By Rod Nickel
May 9 Agrium Inc , the Canadian
fertilizer company, reported lower quarterly profit on Thursday,
as cold, wet spring weather delayed plantings in the United
States, and forecast weaker-than-expected earnings for the
U.S. plantings of corn, a fertilizer-intensive crop, were
just 12 percent complete as May 5, the slowest pace since 1984,
the U.S. Department of Agriculture said on Monday. However more
favorable weather was expected.
Agrium Chief Executive Mike Wilson said farmers have a
shortened spring season for applying fertilizer, but still
expects strong demand for crop inputs in the first half.
"It seems (they're) trying to be a bit cautious given the
late planting in the U.S.," said John Chu, analyst at AltaCorp
Capital. "The risk can be if farmers switch from planting corn
to soybeans, which is a pretty big switch in the amount of
nitrogen that's going to be used."
Along with selling products to farmers, Calgary,
Alberta-based Agrium is a major producer of nitrogen and potash
Agrium, which recently fended off its largest shareholder,
Jana Partners, in a proxy battle over its retail division, said
it expects a second-quarter profit of $4.60 to $5.40 per share.
The midpoint of that range is $5, lower than the average analyst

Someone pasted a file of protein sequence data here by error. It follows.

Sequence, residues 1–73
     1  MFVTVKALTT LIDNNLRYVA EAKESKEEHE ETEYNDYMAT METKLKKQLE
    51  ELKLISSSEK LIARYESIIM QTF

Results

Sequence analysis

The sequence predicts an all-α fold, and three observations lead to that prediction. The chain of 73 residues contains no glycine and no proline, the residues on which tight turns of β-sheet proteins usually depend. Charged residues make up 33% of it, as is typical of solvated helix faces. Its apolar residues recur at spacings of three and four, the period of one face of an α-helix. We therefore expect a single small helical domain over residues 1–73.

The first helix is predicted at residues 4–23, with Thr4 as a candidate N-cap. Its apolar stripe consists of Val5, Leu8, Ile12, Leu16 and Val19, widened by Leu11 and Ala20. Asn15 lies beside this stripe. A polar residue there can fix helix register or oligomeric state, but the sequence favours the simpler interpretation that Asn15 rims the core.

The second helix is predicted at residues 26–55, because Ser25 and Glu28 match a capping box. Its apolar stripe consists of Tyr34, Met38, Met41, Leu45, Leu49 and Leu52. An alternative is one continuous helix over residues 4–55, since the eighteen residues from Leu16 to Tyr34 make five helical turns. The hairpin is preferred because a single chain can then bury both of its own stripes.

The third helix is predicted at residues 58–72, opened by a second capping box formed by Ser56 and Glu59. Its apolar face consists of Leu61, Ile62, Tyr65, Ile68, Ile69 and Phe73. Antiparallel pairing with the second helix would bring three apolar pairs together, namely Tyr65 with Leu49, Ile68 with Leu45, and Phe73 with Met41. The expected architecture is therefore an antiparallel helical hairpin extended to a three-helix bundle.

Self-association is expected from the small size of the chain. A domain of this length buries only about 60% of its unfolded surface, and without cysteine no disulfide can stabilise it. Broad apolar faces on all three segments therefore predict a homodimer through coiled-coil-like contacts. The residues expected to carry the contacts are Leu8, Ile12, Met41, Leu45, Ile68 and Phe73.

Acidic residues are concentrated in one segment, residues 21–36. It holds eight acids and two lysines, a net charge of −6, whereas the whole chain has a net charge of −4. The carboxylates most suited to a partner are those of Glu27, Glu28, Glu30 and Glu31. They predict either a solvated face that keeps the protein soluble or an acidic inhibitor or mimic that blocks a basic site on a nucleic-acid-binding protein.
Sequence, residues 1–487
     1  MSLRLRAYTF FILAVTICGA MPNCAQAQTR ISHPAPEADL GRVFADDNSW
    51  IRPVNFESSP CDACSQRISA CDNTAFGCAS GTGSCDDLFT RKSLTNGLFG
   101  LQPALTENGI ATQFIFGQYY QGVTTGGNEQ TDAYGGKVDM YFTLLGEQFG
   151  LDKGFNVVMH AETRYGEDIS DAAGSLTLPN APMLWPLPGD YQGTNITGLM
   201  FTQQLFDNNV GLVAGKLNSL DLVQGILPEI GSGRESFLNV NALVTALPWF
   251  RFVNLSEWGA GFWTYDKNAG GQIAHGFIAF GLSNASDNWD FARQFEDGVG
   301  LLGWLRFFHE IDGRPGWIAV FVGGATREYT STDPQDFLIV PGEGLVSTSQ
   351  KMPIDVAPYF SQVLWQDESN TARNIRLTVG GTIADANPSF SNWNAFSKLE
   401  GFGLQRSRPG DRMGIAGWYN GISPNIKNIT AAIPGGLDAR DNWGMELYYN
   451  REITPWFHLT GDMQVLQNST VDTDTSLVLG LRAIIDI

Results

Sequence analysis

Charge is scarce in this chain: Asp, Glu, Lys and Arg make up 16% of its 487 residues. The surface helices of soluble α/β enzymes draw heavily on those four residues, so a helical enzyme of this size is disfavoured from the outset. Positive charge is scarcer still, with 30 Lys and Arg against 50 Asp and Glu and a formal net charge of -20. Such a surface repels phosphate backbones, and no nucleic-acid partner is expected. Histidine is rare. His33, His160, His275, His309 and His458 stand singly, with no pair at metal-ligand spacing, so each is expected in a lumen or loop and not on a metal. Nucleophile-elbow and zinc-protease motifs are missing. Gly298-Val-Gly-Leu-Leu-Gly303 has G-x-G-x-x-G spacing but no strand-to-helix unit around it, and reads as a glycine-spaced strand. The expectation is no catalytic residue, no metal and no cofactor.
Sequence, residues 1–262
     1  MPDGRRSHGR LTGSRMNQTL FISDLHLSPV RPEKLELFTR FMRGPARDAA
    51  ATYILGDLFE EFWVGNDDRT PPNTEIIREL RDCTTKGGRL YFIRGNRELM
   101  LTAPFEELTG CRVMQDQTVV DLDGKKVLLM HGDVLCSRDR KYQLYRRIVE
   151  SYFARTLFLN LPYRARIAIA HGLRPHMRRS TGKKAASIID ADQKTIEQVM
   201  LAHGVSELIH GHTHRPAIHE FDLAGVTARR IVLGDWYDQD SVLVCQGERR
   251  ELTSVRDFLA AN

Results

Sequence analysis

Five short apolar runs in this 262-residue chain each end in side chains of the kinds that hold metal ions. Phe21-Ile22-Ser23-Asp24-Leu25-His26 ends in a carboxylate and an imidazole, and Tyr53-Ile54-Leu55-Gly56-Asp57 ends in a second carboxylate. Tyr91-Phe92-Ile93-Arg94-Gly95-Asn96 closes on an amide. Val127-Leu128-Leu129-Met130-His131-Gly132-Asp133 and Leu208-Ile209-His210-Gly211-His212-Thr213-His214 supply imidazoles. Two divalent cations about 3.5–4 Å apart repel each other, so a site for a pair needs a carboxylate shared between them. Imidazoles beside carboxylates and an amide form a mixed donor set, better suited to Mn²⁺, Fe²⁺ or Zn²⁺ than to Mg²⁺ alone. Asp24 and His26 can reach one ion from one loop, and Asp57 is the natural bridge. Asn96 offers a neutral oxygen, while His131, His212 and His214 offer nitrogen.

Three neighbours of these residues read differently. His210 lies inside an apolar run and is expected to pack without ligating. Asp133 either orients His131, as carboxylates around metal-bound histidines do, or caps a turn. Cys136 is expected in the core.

expectation for $5.29.
The company also said it would buy back up to 5 percent of
Agrium's shares edged higher in light New York trading
before normal hours to $94.41. For the year, the stock is down
nearly 6 percent in New York and over 4 percent in Toronto, as
of Wednesday's close. It touched a record high in late January.
First-quarter net earnings fell to $141 million, or 94 cents
per share, from $155 million, or 97 cents per share a year
earlier, while revenue dropped 10 percent to $3.224 billion.
Adjusted earnings, not counting a $16 million share-based
expense, were $153 million, or $1.03 per share. Analysts, on
average, expected $1.07 on sales of $3.465 billion, according to
Thomson Reuters I/B/E/S.
Retail sales to farmers fell 13 percent to $2.1 billion.
Wholesale sales of nitrogen, potash and phosphate fertilizer
slipped to $1.1 billion from $1.2 billion. Realized prices for
ammonia, nitrates and nitrogen solutions were stronger year over
year, while urea prices were in line, and potash and phosphate
Rival U.S. fertilizer producer CF Industries Holdings Inc
on Wednesday reported higher quarterly profit due to
one-time items, but sales of nitrogen and phosphate fell.
Potash Corp of Saskatchewan, which, like Agrium,
mines potash in Western Canada, reported higher quarterly profit
Agrium expects regulatory approval for its purchase of most
of Viterra Inc's farm retail stores in Canada and Australia late
in the second quarter or early in the third period. Viterra is
owned by Glencore Xstrata PLC.